# How to calculate the standard error of multiple linear regression coefficient

I'm learning linear regression. I'm stuck on how to calculate the standard error of the coefficients. I know that in the simple linear regression provided by this equation $$y = \beta_0 + \beta_1x + \varepsilon$$ is:
\begin{align} SE(\hat\beta_0)^2 &= \sigma^2 \left( \frac{1}{n} + \frac{\bar{x}^2}{\sum^{i = 1}_{n} (x_i - \bar{x})^2} \right ) \\[5pt] SE(\hat\beta_1)^2 &= \frac{\sigma^2}{\sum^{i = 1}_n (x_i - \bar{x} ) ^2} \end{align}

Given that $$\sigma^2$$ is the variance of the error term ($$\,\varepsilon\,$$)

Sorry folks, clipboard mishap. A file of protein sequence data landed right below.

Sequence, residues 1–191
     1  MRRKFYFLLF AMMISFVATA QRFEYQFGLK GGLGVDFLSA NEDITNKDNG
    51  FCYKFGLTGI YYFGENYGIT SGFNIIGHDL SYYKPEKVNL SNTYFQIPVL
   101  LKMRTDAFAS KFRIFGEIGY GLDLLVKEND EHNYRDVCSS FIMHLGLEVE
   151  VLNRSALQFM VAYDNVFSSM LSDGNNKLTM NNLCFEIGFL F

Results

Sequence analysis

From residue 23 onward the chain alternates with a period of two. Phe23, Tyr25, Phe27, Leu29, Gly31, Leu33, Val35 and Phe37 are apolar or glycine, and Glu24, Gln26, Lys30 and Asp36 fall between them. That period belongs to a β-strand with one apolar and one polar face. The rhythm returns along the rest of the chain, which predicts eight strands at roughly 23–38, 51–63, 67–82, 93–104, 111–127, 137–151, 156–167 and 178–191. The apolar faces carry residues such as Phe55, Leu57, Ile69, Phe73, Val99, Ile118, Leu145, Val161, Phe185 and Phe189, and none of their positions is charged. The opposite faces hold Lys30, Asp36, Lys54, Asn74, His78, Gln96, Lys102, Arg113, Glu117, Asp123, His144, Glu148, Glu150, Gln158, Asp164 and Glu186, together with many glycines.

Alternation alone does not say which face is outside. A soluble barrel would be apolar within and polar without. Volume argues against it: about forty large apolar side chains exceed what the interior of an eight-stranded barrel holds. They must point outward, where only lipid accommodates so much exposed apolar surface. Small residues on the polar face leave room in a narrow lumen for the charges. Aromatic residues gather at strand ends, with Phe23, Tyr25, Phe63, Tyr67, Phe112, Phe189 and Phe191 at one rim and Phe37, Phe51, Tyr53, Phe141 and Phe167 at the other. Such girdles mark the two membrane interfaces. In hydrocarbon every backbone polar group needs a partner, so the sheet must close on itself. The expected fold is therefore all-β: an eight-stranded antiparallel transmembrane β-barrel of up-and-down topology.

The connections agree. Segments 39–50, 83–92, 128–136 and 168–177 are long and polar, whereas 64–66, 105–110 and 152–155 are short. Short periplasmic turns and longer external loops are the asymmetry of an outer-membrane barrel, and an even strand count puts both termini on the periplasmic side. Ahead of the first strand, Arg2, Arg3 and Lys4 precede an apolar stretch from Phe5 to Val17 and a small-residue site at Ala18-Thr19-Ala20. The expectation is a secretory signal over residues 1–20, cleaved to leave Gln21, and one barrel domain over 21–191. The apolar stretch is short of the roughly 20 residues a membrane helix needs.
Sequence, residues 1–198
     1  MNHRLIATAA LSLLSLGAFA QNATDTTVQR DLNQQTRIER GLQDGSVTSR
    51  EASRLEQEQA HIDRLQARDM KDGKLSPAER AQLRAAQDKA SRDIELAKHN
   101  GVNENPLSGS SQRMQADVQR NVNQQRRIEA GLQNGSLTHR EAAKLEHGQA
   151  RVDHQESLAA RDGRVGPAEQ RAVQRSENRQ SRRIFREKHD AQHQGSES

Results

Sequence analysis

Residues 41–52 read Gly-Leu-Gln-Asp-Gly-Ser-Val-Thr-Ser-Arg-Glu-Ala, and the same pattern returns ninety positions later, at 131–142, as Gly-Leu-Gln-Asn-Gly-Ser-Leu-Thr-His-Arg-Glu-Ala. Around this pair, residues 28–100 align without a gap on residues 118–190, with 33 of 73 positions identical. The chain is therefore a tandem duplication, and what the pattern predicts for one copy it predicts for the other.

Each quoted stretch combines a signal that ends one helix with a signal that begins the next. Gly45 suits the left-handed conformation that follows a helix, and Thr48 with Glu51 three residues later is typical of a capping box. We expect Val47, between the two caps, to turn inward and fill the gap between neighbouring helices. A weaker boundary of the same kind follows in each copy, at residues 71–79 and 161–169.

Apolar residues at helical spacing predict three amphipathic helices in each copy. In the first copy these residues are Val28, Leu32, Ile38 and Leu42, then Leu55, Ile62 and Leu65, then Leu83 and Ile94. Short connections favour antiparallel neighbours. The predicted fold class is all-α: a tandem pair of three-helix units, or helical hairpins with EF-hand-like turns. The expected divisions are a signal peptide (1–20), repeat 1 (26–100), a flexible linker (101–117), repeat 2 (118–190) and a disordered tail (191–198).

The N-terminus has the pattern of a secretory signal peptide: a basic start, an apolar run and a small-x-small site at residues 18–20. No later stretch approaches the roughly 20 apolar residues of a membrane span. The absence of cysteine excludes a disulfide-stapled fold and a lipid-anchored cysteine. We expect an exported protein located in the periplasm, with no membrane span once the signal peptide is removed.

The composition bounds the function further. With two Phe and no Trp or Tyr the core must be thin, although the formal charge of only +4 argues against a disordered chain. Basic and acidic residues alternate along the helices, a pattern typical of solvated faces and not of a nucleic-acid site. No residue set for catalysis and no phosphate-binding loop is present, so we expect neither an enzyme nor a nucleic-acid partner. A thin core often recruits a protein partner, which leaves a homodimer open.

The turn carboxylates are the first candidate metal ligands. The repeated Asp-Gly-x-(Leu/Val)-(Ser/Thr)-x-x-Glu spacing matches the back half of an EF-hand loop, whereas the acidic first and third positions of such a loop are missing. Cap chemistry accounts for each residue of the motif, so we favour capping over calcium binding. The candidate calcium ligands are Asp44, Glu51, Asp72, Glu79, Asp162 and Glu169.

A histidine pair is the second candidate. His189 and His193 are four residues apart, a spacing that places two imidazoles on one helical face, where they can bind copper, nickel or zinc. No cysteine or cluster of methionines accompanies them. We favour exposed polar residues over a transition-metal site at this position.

But when the model is extended to $$k$$ variables ($$y = \beta_0 + \beta_1x_1 + \beta_2x_2 + ... + \beta_kx_k + \varepsilon$$), can we have a general formula to calculate each $$SE(\hat\beta_i)$$ (given that all the model assumption about the data is correct)?

$$VCOV(\hat{\beta}) = s^2{\bf (X'X)^{-1}}$$ From there, you take the positive square root of the $$j^{\rm th}$$ diagonal element to get the standard error of that beta.
• @Miku $\hat\beta = (X'X)^{-1}X'y$, which is why it must be that $X'X$ is invertible.